Doctor Strange in the Multiverse of Madness is intense, dark and violent — but are its adult themes so harsh the film should have been slapped with an R rating? The debate is unfolding after the Marvel Studios film opened this weekend.
Some have argued that the latest Marvel Cinematic Universe installment, directed by Sam Raimi, should have been rated R for horror elements and at least three moments of disturbing, graphic violence involving cameos that will not be discussed here.
The debate created such a stir, the topic was trending Sunday on Twitter, some agreeing that the film is too dark and intense for PG-13, while others said the criticism was nonsense, naming other films said to have pushed the PG-13 threshold far further.
So did Doctor Strange in the Multiverse of Madness slip one by the ratings board? No. Likely, the violence and horror elements were seen through the lens of being conducted by superheroes and supervillains, which is how parents taking their younger children to see the film would also likely interpret the images and action, thereby making PG-13 the appropriate choice. After all, the Classification and Ratings Administration (CARA) board is composed of an independent group of parents.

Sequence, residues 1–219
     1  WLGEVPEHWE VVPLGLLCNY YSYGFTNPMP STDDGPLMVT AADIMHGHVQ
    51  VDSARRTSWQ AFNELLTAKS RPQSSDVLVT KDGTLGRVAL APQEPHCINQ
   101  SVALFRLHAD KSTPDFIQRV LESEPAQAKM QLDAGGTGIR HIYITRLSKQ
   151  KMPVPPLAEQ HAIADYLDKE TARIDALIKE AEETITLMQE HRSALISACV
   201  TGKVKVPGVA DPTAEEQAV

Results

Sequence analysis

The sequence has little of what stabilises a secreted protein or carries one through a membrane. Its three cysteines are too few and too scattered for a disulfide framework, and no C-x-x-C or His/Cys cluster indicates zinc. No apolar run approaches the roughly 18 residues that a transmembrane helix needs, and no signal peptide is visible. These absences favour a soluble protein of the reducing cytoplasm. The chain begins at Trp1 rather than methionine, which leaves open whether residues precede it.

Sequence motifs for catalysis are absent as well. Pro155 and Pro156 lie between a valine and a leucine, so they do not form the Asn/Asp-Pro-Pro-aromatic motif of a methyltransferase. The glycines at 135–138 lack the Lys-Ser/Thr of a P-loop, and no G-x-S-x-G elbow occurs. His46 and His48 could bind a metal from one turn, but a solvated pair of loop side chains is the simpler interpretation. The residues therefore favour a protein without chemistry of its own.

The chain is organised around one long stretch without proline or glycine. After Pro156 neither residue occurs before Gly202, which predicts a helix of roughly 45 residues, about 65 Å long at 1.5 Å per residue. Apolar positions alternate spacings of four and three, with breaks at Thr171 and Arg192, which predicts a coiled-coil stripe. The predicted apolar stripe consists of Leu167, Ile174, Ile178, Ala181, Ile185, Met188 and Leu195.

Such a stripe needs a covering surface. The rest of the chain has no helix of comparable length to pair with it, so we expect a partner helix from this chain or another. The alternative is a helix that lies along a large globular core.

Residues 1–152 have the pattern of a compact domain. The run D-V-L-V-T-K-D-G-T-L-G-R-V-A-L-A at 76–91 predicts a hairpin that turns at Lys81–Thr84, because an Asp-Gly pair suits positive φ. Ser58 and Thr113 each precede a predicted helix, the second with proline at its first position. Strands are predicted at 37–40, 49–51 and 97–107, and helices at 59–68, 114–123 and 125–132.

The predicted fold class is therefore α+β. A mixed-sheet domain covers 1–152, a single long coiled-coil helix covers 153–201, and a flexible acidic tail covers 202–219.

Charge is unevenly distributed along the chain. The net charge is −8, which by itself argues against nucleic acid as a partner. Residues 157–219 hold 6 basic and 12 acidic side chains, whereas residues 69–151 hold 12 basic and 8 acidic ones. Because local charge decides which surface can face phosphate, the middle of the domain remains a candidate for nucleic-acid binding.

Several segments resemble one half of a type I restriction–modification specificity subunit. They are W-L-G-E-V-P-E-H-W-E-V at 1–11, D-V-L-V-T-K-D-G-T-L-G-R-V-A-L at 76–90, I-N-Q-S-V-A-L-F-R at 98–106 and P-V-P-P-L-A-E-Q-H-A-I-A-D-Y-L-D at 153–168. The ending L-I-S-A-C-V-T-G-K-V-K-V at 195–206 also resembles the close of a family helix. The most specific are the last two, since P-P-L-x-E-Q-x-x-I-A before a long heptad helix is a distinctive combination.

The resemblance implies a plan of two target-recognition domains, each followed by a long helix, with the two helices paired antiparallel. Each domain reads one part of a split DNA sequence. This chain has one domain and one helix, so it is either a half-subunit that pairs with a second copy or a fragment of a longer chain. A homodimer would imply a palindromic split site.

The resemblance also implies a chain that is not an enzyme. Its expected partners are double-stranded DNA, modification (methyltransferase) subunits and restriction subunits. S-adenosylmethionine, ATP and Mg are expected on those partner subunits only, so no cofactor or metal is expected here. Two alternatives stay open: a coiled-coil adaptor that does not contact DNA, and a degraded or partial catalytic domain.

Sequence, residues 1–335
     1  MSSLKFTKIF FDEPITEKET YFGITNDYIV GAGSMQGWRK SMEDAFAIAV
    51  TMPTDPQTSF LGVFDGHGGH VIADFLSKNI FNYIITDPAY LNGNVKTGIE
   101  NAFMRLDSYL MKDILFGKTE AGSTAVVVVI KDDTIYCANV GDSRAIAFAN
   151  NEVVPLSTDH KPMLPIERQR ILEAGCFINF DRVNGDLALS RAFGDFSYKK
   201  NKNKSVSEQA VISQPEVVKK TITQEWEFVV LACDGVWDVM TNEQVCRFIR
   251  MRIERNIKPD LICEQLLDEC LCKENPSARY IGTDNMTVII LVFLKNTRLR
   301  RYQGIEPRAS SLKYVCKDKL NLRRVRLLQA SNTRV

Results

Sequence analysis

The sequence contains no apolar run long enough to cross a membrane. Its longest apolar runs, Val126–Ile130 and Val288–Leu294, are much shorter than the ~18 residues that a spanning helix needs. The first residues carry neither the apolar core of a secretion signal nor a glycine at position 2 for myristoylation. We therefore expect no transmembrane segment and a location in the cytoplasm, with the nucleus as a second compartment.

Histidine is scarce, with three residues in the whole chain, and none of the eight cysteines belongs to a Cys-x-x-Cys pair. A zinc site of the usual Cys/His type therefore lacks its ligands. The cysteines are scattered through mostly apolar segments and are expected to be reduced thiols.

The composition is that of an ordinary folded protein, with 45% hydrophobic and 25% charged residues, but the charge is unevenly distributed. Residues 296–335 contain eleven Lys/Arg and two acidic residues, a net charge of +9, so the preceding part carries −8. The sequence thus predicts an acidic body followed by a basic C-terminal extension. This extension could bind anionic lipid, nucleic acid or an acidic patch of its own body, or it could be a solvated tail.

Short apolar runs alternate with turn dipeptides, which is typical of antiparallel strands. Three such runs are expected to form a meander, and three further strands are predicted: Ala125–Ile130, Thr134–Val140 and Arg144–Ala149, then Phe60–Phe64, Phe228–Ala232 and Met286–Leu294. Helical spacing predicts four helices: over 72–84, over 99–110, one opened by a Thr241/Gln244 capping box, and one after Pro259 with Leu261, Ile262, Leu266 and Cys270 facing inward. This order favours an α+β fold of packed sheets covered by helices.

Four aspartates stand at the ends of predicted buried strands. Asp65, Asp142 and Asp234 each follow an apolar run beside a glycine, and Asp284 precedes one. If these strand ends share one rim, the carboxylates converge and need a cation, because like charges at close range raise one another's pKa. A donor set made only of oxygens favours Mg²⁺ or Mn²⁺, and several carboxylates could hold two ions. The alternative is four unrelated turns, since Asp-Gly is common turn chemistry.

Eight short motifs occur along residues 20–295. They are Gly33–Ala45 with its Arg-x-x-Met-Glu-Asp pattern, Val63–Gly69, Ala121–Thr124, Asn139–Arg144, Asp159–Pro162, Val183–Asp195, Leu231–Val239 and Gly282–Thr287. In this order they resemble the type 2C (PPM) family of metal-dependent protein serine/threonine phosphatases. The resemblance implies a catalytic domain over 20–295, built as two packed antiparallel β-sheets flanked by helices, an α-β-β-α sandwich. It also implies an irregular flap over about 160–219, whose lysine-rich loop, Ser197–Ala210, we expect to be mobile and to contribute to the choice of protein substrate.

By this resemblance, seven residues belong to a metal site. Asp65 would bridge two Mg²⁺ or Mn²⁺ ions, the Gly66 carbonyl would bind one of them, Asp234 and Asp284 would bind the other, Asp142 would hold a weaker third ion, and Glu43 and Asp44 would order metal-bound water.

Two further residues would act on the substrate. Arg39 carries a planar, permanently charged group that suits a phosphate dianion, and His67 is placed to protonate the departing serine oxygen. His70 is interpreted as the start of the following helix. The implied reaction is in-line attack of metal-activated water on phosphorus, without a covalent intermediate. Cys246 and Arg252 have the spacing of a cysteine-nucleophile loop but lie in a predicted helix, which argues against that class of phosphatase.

Neither the MPA nor CARA comment on rating decisions. It is the filmmaker’s prerogative whether to get into the nitty-gritty of what it took to secure a specific rating.
The PG-13 rating was introduced in 1984 after irate parents received media attention for arguing Steven Spielberg’s Indiana Jones And The Temple Of Doom was far too violent and disturbing for its PG rating. There was also an uproar over Gremlins, which Spielberg executive produced.
By that time, Spielberg had amassed enough clout that he could go to MPA president and ratings creator, the late Jack Valenti, and make a case for a new rating that would better prepare parents for a film’s content between PG and R.
The ratings change suggestion marked the first time the system was altered since its implementation in November 1968. The first film to receive a PG-13 in ’84 from the organization was Garry Marshall’s The Flamingo Kid, but because it was not released until December, the first film to come out with the new rating was Red Dawn, released in August.